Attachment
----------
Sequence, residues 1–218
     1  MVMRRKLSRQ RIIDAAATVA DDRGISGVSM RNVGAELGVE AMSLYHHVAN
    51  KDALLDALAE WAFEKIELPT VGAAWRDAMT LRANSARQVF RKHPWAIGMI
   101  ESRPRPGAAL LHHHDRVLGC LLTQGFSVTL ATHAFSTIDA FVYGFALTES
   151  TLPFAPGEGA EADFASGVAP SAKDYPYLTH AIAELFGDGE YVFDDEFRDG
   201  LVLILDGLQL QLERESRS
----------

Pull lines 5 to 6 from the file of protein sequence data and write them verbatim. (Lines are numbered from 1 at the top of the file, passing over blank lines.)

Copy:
   151  TLPFAPGEGA EADFASGVAP SAKDYPYLTH AIAELFGDGE YVFDDEFRDG
   201  LVLILDGLQL QLERESRS